While mourning the death of her friend of 40 years, since childhood, Cote has volunteered her time to others in the tragedy-stricken community.
She's not alone.
"I want to somehow repay the love and friendship she gave me," said Cote of her longtime companion, Natasha, who was one of many who walked into the Musi-Cafe bar a week ago and never walked out.
After searching online Cote, who currently lives in Trois-Rivieres, Que., found a site that allowed her to offer volunteer services.
She posted that offer on the online forum on the Support Lac-Megantic website. Scores of people have posted messages like hers.
The website, which is partnering with the Red Cross, has begun allowing volunteers to publicly offer their services to the people of Lac-Megantic.
The community is in the early stages of what promises to be a difficult recovery, with its downtown core razed to the ground and 50 of its residents presumed killed.
Anyone who wants to lend a hand can provide their first and last name, an email address and details of what services they can offer.
Some of the offers are technical — such as help with restoring Internet service. One says she can help translate documents.
Others extend a more general invitation. For instance, one person offers an ear to listen.
The town's mayor expressed her gratitude Sunday for the outpouring of support.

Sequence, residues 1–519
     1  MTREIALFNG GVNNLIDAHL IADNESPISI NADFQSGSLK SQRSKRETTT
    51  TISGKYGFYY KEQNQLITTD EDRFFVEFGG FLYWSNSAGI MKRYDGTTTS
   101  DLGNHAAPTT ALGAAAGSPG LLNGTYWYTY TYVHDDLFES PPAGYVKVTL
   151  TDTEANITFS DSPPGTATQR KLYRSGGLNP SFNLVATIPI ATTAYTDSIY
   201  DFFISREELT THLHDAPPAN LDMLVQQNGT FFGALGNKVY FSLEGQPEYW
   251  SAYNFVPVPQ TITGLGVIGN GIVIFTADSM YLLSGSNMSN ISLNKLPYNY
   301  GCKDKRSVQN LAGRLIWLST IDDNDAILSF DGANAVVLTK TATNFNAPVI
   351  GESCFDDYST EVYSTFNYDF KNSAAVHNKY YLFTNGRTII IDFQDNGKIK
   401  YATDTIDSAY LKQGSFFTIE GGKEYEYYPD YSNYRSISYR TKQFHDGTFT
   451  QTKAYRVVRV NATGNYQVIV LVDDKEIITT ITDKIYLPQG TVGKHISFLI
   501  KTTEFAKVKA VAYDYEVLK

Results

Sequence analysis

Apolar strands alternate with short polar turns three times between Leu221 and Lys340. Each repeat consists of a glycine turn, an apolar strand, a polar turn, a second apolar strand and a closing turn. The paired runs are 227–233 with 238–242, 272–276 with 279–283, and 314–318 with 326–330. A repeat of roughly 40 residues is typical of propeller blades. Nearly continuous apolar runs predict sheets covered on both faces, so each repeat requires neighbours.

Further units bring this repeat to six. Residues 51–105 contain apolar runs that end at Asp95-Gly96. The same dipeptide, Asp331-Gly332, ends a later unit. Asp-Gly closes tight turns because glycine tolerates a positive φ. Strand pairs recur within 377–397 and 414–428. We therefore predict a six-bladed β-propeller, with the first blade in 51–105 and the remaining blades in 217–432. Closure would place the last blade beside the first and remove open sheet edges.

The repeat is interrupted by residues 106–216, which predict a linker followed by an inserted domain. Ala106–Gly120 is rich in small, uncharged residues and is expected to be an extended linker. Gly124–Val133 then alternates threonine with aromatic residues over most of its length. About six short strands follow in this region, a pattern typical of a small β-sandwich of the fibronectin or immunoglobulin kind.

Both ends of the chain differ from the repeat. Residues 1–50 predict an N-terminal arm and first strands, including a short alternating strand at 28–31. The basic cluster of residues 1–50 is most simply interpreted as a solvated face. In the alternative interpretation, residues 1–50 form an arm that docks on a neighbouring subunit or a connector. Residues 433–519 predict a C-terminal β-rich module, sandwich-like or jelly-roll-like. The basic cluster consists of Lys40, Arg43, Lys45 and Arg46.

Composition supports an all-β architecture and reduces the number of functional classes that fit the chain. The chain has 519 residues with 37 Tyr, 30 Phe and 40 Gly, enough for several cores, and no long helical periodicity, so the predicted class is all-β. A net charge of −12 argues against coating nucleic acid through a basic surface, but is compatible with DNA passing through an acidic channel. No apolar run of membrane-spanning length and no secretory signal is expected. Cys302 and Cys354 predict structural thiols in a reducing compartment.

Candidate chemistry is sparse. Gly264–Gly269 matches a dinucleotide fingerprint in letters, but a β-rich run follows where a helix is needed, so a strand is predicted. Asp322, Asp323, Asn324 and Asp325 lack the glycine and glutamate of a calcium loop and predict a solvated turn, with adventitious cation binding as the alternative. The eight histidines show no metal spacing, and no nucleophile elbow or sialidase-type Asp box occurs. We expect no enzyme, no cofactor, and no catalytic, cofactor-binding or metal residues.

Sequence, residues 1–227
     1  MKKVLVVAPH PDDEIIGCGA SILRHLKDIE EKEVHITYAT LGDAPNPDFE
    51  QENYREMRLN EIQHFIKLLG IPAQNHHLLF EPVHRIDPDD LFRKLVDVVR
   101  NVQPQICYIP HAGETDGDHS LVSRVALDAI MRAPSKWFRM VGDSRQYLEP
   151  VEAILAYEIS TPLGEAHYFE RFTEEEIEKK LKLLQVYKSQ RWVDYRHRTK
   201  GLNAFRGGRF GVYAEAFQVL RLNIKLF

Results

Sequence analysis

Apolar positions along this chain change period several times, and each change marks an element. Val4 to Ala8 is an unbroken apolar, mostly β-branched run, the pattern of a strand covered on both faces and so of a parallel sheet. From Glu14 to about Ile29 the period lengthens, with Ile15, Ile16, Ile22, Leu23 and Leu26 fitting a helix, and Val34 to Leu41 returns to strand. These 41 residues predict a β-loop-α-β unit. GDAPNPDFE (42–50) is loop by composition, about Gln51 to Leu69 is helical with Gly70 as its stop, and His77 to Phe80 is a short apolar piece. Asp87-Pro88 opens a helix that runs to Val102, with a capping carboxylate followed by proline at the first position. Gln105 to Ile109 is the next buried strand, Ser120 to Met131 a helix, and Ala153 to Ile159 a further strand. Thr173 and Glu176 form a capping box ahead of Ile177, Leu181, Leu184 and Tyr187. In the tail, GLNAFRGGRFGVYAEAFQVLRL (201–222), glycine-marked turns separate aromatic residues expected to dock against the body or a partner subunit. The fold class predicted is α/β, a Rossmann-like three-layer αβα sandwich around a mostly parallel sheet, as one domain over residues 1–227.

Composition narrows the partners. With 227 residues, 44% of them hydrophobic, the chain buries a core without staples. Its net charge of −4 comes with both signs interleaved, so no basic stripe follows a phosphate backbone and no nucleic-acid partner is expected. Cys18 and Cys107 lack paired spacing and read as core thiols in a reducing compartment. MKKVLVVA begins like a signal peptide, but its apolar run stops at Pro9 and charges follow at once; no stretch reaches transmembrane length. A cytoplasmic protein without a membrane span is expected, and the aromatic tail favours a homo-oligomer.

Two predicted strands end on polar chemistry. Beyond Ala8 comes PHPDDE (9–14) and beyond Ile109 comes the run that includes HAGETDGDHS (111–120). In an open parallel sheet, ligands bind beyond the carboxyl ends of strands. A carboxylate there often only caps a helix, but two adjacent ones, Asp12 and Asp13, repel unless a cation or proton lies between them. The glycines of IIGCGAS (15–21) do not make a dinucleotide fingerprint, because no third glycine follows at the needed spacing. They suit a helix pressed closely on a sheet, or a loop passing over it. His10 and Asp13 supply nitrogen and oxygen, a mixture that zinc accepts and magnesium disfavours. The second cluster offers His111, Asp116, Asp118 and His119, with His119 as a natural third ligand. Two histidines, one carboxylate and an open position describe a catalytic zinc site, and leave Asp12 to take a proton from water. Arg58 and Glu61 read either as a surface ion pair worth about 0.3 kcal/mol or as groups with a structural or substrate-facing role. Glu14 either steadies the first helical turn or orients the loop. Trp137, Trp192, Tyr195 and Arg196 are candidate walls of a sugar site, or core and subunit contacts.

"As mayor, and in the name of our residents, we are very touched," said Mayor Colette Roy-Laroche.
"Keep it coming. This is comforting for our community."
In her post, Cote wrote that she has the summer off work and is available to help the community "however I can."
Even if she's reached out to help others, she still hasn't processed her own loss.
"It just doesn't compute that someone was a part of your life for 40 years, and the next day they just... aren't," she said.
"I don't realize she's gone yet."
But what she has been able to grasp is the disheartening reality that her own feelings are not unique in the devastated town.
"All of the families in Lac-Megantic are living this," she said. "You can listen to one story or another — but really, they're all just like this one."
That's why she thinks it's important to make sure everyone has enough support to keep going.
Posts range from blanket offers — of things like, "whatever you need," — to others that make very specific skill sets available.
—Daniel Blais has 14 years' computer experience, and can help people re-connect people's Internet.
—Michelle Corcos is offering free acupunture treaments from her clinic in Sherbrooke, Qc.
—Renee Gregoire has a set of open ears, and is ready to listen.
—Ann Marie Boulanger can translate from French to English, and wants to make sure locals can communicate with people across Canada and the United States.
—Isabelle Richard has room in her house for a family of four. She has offered to go stay at her parents' place, leaving her condo, with space for a family of four, up for grabs.
One man, writing in English, posted: "I am sorry my French is no good but I am a carpenter, drywall tapper, and gardener, and I would be happy to come with my truck and tools and help who I can."
All of these people, and dozens more, are offering help — they're just waiting for people to take them up on it.
On the web: www.supportlacmegantic.com/services.php/